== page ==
The term "uncanny valley," which refers to the revulsion that humans feel when they see a humanoid robot, has lately been a topic of heated discussion among design engineers, who are increasingly building robots that walk and talk.
More than ever, engineers need to consider the effects on humans as their machines begin to creep into our territory. "If you're going to make your robot human-like, then you've got to make it really, really human," said Tim Root, founder and chief technology officer of VGo Communications Inc., a robot manufacturer, in a recent interview with Design News. "If you miss that, your form factor will be rejected."
Looking at the following slides, it's easy to see how robots are evolving, not only in their ability to do human tasks, but in their appearance. Whether or not they're starting to give us the creeps is another matter, one that varies from person to person.
Click on the image below to start viewing the 16-image slideshow. When you're done, tell us what you think in the comments section below.
Heather Knight, a roboticist and founder of Marilyn Monrobots, is trying to bridge the uncanny valley by adding humor to the robotic repertoire. Her robot, Data, can do imitations of Darth Vader, R2D2, and Buzz Lightyear. (Photo courtesy of Freescale Semiconductor.)
How much of this is related the familiarity of the human subject with the robot? People can get used to a lot given some time.
I think there was a Twilight Zone episode to the effect. A man wrongfully imprisoned I think on an asteroid was given a female robot companion. When he had to leave she could not go with him and he was distraught, etc.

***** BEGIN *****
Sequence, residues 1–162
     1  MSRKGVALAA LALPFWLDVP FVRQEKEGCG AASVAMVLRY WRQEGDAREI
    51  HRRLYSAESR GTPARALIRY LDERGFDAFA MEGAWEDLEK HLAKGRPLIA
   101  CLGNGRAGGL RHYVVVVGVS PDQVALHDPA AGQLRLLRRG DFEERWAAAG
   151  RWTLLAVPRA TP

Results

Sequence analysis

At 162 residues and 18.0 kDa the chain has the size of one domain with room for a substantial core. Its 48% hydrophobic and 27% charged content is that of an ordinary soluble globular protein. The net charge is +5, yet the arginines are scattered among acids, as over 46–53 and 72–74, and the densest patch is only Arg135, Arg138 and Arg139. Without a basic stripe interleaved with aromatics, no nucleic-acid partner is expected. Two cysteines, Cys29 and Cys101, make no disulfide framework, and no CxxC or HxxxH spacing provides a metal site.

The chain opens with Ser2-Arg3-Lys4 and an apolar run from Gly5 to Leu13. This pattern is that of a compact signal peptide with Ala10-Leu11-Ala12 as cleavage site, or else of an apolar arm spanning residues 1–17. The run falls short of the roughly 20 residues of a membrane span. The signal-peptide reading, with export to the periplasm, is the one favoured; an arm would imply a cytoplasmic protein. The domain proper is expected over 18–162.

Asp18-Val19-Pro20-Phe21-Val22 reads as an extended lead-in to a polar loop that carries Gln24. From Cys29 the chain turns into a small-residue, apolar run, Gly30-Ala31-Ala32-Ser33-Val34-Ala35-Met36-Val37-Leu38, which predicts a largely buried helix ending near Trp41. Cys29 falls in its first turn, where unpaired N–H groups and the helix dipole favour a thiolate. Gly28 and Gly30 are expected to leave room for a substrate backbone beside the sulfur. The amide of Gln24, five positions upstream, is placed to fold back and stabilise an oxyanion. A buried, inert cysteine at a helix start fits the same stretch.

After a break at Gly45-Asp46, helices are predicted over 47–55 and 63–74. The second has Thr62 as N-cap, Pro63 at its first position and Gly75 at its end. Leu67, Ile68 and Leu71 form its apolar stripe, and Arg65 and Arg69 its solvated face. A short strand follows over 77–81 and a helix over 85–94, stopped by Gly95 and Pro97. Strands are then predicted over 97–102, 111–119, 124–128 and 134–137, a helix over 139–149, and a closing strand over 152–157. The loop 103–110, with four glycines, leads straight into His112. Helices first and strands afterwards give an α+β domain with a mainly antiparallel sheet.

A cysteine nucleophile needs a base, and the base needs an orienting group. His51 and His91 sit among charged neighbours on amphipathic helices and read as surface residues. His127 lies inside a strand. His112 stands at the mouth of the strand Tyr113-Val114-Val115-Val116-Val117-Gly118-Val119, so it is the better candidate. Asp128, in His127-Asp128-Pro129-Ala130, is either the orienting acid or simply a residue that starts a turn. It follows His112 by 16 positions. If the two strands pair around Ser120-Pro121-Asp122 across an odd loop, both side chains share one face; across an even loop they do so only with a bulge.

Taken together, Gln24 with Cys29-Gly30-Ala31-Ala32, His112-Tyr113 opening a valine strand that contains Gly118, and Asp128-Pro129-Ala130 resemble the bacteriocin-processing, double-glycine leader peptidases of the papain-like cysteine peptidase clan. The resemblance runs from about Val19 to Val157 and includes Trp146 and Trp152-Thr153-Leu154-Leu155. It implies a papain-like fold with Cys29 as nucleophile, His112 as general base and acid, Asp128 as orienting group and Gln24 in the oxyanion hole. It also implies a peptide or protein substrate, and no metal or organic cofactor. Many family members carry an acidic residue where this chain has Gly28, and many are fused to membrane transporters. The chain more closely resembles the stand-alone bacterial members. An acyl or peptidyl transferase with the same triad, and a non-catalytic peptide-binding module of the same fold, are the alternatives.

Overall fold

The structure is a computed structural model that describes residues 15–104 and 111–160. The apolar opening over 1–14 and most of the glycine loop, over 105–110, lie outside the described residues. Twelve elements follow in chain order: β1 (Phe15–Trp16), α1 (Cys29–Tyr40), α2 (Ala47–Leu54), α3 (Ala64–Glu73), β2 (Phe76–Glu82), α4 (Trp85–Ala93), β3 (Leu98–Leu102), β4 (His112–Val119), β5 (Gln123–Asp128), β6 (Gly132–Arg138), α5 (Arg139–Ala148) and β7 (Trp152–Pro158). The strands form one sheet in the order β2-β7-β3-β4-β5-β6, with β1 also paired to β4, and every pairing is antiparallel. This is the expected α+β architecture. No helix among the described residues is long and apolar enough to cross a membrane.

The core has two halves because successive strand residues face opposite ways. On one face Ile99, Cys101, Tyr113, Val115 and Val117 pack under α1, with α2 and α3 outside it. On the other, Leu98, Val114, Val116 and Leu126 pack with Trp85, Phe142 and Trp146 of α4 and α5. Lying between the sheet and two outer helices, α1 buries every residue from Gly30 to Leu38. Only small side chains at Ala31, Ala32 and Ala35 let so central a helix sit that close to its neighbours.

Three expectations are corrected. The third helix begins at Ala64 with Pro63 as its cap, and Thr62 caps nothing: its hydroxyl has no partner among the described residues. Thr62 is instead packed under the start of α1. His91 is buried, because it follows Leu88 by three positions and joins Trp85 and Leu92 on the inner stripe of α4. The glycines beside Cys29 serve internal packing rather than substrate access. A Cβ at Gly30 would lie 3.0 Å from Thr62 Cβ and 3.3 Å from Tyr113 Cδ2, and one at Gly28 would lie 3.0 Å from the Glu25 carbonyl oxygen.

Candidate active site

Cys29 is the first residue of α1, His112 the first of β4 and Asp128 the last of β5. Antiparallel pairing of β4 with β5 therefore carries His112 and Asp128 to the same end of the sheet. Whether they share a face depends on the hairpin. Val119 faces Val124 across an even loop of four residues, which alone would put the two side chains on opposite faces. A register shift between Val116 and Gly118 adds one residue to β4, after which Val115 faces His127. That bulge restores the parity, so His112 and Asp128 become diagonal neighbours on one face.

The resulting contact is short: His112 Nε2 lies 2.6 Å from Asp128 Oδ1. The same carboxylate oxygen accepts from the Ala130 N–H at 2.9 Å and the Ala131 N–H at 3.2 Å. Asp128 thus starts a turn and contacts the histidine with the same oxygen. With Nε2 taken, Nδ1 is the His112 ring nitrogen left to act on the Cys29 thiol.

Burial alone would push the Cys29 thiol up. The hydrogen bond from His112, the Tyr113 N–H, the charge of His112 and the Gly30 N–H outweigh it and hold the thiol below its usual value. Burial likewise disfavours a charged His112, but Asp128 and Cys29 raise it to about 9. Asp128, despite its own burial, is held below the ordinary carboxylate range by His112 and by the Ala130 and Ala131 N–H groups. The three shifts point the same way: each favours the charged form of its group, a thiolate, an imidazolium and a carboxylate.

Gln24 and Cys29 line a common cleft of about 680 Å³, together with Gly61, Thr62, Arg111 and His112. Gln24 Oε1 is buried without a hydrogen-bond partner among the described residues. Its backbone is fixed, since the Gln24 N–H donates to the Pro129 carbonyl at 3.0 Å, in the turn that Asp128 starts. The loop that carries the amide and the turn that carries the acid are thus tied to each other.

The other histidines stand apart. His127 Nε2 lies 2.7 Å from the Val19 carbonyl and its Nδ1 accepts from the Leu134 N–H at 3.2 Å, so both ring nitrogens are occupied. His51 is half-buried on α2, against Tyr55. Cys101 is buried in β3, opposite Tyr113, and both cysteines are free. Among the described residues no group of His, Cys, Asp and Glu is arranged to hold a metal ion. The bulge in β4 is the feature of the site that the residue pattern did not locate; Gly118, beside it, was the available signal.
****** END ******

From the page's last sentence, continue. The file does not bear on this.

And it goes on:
I wonder how much of the uncanny valley disappears over time once a greater familiarity is experienced by the humans.
Some cars are more reliable than others, but even the vehicles at the bottom of this year’s Consumer Reports reliability survey are vastly better than those of 20 years ago in the key areas of powertrain and hardware, experts said this week.
Many of the materials in this slideshow are resins or elastomers, plus reinforced materials, styrenics, and PLA masterbatches. Applications range from automotive and aerospace to industrial, consumer electronics and wearables, consumer goods, medical and healthcare, as well as sporting goods, and materials for protecting food and beverages.
While many larger companies are still reluctant to rely on wireless networks to transmit important information in industrial settings, there is an increasing acceptance rate of the newer, more robust wireless options that are now available.
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